The tragic attacks at the Boston marathon provide further insight into a U.S. foreign policy that requires significant and immediate restructuring. The bombing that killed three civilians, including a young boy, and injured 185, was committed by two Chechen brothers. The Chechen conflict in Russia is yet another example of the U.S. misdistributing its resources in international politics.
Just like the Taliban in Afghanistan, and Albanians from the Kosovo region, the U.S. has failed to recognize the international threat Chechen separatists posed. All three have now attempted terrorist attacks on U.S. soil. While assistance was overwhelmingly direct in assisting the Taliban against the Soviets in the 1980s, and the Kosovo Albanians against the Serbs in 1999, the U.S.' connection to Chechens in Russia is indirect — but existent nonetheless.
When Chechens under the Islamic International Peacekeeping Brigade started the Second Chechen War in 1999, with physical backing from Al-Qaeda, the U.S. along other western states were quick to condemn "disproportional" warfare by the Russian government. President Bill Clinton also said that Russia would "pay a heavy price" for its approach in Chechnya during the war. The U.S. has also been the most vocal of all non-Muslim countries regarding lobbying for the Chechen cause. Formally, the American Committee for Peace in Chechnya/Caucasus was also established in 1999 and is headed by Chechens and Americans whose agenda is to berate Russian policy in the region.
It should surprise no one that even though the U.S. has been pro-Chechen, radical Chechens are still just as likely as any other radical Muslims to commit such atrocious attacks. History has shown time and time again, that the American hand that feeds is also very prone to getting bitten. Despite virtually owing its existence to U.S. funding and support, Al-Qaeda and the Taliban have made the American people and its institutions their prime targets. The Albanians, who were saved during an American led "humanitarian intervention" in 1999, and have subsequently built statues of and named streets after Bill Clinton, have also taken to terrorist attacks against Americans. Bosnia, another country where the U.S. sided with the Muslims, has seen an exponential increase in Wahhabist Islam, which in 2011 saw a radical Islamist open fire on the American embassy. There seems to be no positive correlation with a pro-Muslim foreign intervention and a lower likelihood of terrorist acts against Americans.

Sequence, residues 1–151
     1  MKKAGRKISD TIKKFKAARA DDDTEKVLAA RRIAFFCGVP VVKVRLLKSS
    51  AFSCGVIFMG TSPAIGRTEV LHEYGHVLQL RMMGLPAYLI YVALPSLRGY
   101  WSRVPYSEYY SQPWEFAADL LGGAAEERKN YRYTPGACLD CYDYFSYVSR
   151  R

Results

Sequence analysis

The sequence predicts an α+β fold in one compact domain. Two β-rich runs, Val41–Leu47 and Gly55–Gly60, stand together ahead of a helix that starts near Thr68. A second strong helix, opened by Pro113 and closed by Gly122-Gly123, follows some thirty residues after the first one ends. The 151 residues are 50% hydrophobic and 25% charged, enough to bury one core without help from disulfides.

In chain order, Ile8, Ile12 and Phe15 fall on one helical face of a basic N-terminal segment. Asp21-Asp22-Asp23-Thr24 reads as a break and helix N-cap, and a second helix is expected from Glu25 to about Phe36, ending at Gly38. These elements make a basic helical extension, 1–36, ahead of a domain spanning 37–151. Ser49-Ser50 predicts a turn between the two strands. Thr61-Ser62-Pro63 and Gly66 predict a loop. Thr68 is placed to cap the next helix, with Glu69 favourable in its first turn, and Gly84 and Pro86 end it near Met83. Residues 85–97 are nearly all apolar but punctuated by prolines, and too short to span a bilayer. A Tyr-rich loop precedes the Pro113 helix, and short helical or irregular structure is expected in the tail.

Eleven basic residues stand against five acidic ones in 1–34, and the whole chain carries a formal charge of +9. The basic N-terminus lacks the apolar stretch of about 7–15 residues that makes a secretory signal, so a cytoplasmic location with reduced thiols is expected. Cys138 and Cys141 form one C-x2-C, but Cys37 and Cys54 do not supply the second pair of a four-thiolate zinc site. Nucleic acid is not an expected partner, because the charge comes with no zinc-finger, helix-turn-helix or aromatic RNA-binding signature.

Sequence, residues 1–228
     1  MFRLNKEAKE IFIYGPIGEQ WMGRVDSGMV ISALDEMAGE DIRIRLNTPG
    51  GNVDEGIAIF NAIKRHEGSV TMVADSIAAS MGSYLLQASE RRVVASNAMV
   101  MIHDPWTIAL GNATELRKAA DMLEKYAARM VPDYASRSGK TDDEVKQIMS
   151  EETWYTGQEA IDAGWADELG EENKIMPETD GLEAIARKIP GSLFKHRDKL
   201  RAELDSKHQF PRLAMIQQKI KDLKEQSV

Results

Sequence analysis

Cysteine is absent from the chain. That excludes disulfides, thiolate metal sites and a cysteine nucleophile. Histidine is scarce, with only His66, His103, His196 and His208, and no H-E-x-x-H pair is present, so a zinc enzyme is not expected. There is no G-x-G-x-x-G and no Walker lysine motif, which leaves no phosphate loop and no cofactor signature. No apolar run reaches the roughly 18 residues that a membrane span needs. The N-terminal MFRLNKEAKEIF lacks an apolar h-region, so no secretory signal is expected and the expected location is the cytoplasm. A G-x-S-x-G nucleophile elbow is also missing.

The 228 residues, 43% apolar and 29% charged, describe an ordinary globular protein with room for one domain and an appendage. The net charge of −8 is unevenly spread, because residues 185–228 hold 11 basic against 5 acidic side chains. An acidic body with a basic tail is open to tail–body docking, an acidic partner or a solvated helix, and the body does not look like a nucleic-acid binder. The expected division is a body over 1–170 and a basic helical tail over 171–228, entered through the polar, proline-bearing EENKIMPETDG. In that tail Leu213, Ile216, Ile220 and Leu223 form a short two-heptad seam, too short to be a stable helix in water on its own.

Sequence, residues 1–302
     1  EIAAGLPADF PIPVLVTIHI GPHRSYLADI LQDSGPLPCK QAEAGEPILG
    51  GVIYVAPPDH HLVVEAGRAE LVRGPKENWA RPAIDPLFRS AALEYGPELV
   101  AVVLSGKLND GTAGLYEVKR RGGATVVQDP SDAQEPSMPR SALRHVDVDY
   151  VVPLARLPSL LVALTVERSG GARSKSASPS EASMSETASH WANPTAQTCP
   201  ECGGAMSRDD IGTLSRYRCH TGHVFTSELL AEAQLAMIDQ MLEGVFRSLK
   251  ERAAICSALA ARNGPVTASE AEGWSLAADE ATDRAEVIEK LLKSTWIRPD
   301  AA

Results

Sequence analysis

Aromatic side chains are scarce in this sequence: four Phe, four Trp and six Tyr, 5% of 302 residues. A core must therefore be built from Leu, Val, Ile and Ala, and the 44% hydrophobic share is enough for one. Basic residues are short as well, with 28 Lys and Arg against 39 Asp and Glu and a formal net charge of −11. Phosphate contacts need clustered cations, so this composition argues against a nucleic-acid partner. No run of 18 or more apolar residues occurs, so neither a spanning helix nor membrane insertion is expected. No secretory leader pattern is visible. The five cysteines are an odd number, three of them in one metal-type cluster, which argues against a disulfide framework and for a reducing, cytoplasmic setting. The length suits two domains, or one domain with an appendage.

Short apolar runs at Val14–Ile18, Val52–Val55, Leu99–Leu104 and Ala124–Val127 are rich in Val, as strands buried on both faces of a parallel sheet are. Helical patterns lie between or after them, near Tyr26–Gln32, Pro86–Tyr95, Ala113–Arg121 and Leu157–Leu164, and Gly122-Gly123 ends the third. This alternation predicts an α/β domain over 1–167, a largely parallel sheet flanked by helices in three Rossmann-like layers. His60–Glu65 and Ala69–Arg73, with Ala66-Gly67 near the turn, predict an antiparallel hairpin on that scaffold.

This issue is one that has yet to be openly discussed and realized. What adds the most weight, and maybe brings understanding to terrorists and their feelings towards America, is that the Boston bombings seem less and less likely to have in any way been orchestrated by Al-Qaeda, but was merely a two-man job. That means that all that is necessary to orchestrate such horrible attacks is access to literature and indirect contact with full-fledged terrorists.
In becoming the recurring theme regarding U.S. foreign policy in a post-Cold War world, the U.S. is making poor choices regarding allies and enemies. Instead of allying themselves with states fighting terrorists, they are aiding the terrorists. These same terrorist groups have the U.S. on their hit list, and feel no guilt in perpetrating such attacks. This is costing the lives of innocent men, women and children. Could the government be exercising such poor judgment in its foreign policy, or is it all for some behind-the-scenes reasons that politicians deem necessary? I personally, do not know what scenario would be worse.